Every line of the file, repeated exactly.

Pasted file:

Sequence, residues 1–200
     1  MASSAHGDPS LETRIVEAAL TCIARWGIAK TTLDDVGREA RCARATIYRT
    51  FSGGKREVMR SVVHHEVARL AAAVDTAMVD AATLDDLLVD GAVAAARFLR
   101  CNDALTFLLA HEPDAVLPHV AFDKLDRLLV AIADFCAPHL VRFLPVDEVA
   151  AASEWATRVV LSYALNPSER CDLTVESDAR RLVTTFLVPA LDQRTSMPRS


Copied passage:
Sequence, residues 1–200
     1  MASSAHGDPS LETRIVEAAL TCIARWGIAK TTLDDVGREA RCARATIYRT
    51  FSGGKREVMR SVVHHEVARL AAAVDTAMVD AATLDDLLVD GAVAAARFLR
   101  CNDALTFLLA HEPDAVLPHV AFDKLDRLLV AIADFCAPHL VRFLPVDEVA
   151  AASEWATRVV LSYALNPSER CDLTVESDAR RLVTTFLVPA LDQRTSMPRS